Next day we had a whole day by ourselves doing what I imagine all other boating couples do:
We woke up late from an overnight passage the day/night before. I sat in the cockpit in my underwear writing email. Neal fixed things- imagine! I cleaned like a mad woman. I was actually pretty impressed with myself: bedding for 3 beds, 4 heads, inside of ports, window screens on deck with a scrub brush and oxyclean, new canvas cover for dinghy (I added a shirt for this part), made lunch. I also spent a good hour putting ospho on things that should have been flitzed were I a better person. This is the stainless equivalent of sweeping dust under a rug. Basically cheating. And lastly I cleaned myself, off the back of the boat in just the underwear again. 4 boats pulled up anchor while I did. Just as I was drying my hair to go to town for dinner, a blast of cold air sent me on deck. A squall! Cold air at 25 knots, rush to get all those clean things off the lines (window covers, no laundry) zip up the enclosure and close the hatches.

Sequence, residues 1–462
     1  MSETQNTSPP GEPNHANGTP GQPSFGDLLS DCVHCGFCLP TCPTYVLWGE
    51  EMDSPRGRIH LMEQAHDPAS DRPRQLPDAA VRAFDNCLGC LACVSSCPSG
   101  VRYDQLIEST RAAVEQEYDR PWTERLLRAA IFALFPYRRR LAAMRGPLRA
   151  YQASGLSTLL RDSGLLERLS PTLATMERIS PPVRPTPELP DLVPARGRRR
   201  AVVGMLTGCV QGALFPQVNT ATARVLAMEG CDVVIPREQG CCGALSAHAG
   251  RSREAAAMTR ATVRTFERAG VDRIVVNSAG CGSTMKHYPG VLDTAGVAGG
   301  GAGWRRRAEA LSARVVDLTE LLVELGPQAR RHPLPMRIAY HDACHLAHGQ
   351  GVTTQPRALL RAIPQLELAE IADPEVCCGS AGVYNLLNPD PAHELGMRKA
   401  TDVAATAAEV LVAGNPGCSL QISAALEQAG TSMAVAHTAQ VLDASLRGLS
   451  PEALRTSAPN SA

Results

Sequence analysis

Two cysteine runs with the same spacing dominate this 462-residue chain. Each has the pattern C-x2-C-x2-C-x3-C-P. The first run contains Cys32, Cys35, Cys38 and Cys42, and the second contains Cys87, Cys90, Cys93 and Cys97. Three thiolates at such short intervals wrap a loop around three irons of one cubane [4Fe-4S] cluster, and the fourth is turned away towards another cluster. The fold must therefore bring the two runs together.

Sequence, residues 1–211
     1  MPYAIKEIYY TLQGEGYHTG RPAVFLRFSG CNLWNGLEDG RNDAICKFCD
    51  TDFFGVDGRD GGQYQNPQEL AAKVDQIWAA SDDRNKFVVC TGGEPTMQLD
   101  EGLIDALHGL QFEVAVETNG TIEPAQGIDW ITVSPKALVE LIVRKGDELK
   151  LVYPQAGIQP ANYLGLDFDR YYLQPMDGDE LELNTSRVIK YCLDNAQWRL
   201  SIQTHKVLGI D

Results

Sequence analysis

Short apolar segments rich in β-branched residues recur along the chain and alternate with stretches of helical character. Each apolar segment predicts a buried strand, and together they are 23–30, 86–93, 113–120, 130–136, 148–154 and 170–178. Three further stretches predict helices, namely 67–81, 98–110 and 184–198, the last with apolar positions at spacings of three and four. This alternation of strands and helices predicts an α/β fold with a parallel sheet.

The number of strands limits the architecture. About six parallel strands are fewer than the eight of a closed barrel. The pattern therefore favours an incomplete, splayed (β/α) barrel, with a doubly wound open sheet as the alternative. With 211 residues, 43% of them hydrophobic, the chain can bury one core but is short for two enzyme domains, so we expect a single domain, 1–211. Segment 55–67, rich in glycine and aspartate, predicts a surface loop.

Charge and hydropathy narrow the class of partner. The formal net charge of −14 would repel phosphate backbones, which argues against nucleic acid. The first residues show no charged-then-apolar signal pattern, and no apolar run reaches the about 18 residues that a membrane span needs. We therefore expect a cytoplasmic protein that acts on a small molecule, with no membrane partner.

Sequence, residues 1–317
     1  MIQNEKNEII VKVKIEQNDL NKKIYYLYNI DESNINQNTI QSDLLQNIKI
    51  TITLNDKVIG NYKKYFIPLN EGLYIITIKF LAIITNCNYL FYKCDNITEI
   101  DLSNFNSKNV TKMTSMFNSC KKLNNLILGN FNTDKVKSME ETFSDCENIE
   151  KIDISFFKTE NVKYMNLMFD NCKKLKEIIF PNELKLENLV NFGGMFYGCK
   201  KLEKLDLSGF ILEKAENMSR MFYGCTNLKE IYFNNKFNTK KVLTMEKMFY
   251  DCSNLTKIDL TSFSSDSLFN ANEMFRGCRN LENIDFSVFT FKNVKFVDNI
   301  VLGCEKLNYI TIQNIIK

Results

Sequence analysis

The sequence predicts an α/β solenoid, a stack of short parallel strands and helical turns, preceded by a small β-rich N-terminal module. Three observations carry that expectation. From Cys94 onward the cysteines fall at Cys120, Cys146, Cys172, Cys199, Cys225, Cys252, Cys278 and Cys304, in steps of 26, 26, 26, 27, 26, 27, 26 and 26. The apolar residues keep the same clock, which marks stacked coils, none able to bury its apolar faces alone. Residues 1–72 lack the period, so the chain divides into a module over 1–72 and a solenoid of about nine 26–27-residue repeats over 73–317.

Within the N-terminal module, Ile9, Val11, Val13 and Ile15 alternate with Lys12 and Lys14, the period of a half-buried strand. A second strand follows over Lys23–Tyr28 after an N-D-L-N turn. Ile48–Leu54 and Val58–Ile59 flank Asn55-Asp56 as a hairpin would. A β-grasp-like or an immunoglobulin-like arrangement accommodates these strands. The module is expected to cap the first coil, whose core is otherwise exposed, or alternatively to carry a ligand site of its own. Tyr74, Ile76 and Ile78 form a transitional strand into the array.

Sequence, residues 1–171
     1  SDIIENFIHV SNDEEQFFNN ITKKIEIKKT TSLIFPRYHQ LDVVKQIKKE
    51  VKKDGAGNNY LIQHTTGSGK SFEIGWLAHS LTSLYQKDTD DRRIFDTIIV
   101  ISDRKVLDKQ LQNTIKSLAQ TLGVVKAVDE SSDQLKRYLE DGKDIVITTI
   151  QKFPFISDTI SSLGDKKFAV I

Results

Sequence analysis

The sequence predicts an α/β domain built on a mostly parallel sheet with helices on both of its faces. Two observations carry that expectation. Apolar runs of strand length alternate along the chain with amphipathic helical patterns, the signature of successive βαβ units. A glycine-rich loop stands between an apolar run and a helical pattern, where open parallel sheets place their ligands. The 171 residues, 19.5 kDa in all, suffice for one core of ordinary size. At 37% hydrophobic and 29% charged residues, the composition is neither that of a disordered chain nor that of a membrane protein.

With that 15 minute squall came the Ponza swell. This is a swell that rolls in from the east striking the anchorage and amplifying at the 25 foot contour mark that small boats choose to anchor on. So they (and us) get it from both directions- the swell rolls in, hits the shore and bounces back in to a big piled up mess. Boats started leaving to go to the other side, what everyone does when this happens, what we did last year only after a couple of hours of torture. Mr Franking reported that the weather forecast shows the other side of the island would be worse. So we had sandwiches for dinner, our plans to go into town, dashed. I went up front to try to sleep. The swell grew worse. Mr Franking said he had dove down with the mask and snorkel and saw the anchor buried deep in the mud. He felt secure, he pointed to all the boats that had stayed (all over 100 feet). I tried to sleep on the salon sofa- nothing like this is every encountered at sea, the period of the waves was a few feet- constant pitching, 6-8 feet, some of the waves breaking before they hit us, the dinghy was tied to the tow line out back going airborne. I said very mean things to Mr Franking about why are we the last to move and he sat there sure the other side was worse and couldn’t explain why they weren’t returning. Next morning, the 80 meter left with its guests and we were alone, all alone in the anchorage with our smug certainty of the weather forecast to keep us awake. We left for the other side about 10.